The local chapter of the National Association for the Advancement of Colored People held several rallies aimed at educating blacks on the importance of getting registered to vote and actually voting, Tillman said.

However, she said many of those who did pay the tax were discouraged from voting by the rising racial tension between whites and blacks on the issue.

"It was a hard fight. The people I worked for would ask me, 'You belong to that group? What y'all doing? What is that?'" said Tillman, who voted for the first time at the age of 18 at Patti Welder Middle School. "I stopped working for them."

Juanita Battle-Delaney was well into her 20s when she voted for the first time in Tyler, but her experience was similar to Tillman's.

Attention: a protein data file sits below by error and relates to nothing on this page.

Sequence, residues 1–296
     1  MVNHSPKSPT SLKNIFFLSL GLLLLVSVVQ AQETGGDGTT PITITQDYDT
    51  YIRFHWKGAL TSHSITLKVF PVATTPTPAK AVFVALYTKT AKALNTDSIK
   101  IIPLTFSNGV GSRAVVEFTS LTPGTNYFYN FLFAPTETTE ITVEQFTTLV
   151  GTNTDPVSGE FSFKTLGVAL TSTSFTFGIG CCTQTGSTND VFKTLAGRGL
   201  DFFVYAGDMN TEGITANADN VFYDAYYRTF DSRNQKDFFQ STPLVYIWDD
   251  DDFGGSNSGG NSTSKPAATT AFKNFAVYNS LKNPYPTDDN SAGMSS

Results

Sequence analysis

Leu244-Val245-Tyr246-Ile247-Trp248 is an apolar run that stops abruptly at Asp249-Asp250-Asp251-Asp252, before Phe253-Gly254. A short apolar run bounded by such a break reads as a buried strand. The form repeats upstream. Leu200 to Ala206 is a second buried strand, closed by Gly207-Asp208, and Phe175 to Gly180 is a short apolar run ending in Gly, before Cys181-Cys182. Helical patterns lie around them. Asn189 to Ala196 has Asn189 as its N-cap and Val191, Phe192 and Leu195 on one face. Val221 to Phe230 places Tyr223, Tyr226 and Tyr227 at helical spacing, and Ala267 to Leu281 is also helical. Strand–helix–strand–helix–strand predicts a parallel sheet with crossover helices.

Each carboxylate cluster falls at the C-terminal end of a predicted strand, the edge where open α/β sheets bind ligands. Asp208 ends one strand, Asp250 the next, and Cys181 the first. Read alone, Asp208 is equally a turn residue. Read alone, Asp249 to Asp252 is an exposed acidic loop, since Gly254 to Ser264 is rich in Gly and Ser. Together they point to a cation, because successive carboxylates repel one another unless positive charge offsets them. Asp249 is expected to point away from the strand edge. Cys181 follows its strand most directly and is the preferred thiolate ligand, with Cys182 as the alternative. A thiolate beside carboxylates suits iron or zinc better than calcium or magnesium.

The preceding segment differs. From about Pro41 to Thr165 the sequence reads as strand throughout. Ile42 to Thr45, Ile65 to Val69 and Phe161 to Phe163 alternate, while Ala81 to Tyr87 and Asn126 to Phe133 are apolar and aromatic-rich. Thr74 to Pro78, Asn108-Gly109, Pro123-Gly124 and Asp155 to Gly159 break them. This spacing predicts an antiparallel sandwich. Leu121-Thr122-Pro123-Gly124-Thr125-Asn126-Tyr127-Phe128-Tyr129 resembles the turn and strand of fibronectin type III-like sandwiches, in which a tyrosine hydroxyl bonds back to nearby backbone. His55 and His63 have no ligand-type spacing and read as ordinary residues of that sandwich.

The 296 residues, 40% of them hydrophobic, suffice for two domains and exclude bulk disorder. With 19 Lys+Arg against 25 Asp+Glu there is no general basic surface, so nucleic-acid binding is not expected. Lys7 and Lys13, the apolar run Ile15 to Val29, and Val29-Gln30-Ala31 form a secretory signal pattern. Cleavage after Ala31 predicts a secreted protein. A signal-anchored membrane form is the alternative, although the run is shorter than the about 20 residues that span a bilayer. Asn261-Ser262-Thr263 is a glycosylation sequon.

"There was a fear of going to vote even though you were eligible to vote," said Battle-Delaney, 91. "There had been some disturbing experiences in some of the surrounding areas. In Winnsboro, my husband's home, some of them lost their jobs for participating in anything of a civic nature."

It was not until the 1940's that Battle-Delaney said she became more comfortable with voting because her brother-in-law became a precinct chairman in a district primarily comprised of black voters.

Her run-ins with segregation in her East Texas town spurred her decision to continue fighting racism through the polls.

"One day I made the mistake of stepping off the elevator in front of a white lady. A man walked up to me and told me that I could not ride it again," said Battle-Delaney, who worked as a social worker without the benefits of retirement or Social Security like her white counterparts. "He asked me if I knew who he was. I didn't, he said, 'I'm the one who runs things around here.' Turns out he was the sheriff."